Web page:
What good are dividends?
Public Domain. Source: PD Photo
It’s a good question. Dividends can limit a company’s options, forcing them to cough up cash that could be used to run the business. If they money flows out of the company, they might have to increase their borrowings. Ford paid a big special dividend in 2000—they called it their “Value Enhancement Plan.” Management probably wished they still had that cash a few years later during the financial crisis.
You’d expect that paying dividends would make those companies more risky. But in fact, the opposite is the case. It turns out that the stocks of dividend-payers are less volatile than non-dividend payers. Why?
Part of the reason is the accountability. When a company pays a dividend, they have to come up with cash every quarter. This keeps them from doing anything too foolish. Investment bankers can cook up some awfully creative structures. Dividends require a certain amount of management discipline. Second, dividends are totally transparent. You’ll never hear about an accounting scandal where dividends were misstated. Earnings, cash flow, and even revenues can be fudged, but if a company says it’s paying a 50-cent dividend, there better be a check for 50 cents per share in the mail.
Finally, dividends are an admission by management that the shareholders—not the managers—own the company. If a company generates free cash flow—the cash from operations that remains after capital expenditures—it can do three things with the money that directly benefit investors: pay down debt, buy back shares, or pay dividends. Because boards are reluctant to cut them, dividends represent a concrete statement of faith—by those in a position to know—in the company’s stability and potential for growth.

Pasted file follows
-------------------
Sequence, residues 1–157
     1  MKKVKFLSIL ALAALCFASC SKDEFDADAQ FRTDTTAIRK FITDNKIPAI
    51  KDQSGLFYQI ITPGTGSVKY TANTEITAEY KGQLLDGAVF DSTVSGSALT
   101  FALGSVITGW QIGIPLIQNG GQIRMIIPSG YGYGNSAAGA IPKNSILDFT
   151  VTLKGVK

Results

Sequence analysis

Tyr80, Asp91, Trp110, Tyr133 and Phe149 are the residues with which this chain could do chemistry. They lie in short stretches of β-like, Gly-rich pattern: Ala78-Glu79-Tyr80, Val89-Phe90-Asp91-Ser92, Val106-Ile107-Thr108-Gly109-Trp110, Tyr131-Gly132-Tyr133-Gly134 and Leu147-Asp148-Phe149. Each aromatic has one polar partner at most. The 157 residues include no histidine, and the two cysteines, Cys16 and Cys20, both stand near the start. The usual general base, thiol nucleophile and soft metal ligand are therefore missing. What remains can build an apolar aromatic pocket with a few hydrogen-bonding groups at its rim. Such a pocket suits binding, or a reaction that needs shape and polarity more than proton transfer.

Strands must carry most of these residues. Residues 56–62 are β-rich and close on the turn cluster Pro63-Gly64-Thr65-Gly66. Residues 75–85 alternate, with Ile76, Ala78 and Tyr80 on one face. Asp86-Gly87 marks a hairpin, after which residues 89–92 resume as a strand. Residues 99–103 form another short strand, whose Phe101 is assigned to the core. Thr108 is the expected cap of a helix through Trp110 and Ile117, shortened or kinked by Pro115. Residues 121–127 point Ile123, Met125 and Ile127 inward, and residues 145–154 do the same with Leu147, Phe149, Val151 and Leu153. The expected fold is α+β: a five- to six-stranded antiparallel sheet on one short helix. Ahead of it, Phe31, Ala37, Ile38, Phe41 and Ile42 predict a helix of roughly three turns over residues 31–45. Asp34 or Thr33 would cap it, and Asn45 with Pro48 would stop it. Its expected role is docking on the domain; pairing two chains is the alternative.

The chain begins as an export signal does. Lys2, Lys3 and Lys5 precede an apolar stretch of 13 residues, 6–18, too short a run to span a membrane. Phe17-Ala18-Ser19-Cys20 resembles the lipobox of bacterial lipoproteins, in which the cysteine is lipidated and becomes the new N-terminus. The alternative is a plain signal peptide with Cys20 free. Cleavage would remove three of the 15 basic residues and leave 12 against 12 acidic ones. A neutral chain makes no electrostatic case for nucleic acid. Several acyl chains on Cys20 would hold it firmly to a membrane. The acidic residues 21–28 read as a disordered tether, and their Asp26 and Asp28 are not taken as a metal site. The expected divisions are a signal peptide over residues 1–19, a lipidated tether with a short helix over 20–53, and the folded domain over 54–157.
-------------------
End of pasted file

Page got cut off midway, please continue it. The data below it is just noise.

Photo: Emmanuel Douzery. Source: Wikipedia
It’s easy to get distracted by PE ratios, Sharpe ratios, cash flow yield, and other metrics. These are important, but we should never forget that a stock represents a real company making real business decisions. When companies decide to give consideration to their shareholders, that’s always a good thing. After all: ultimately, it’s our money.
Douglas R. Tengdin, CFA
Chief Investment Officer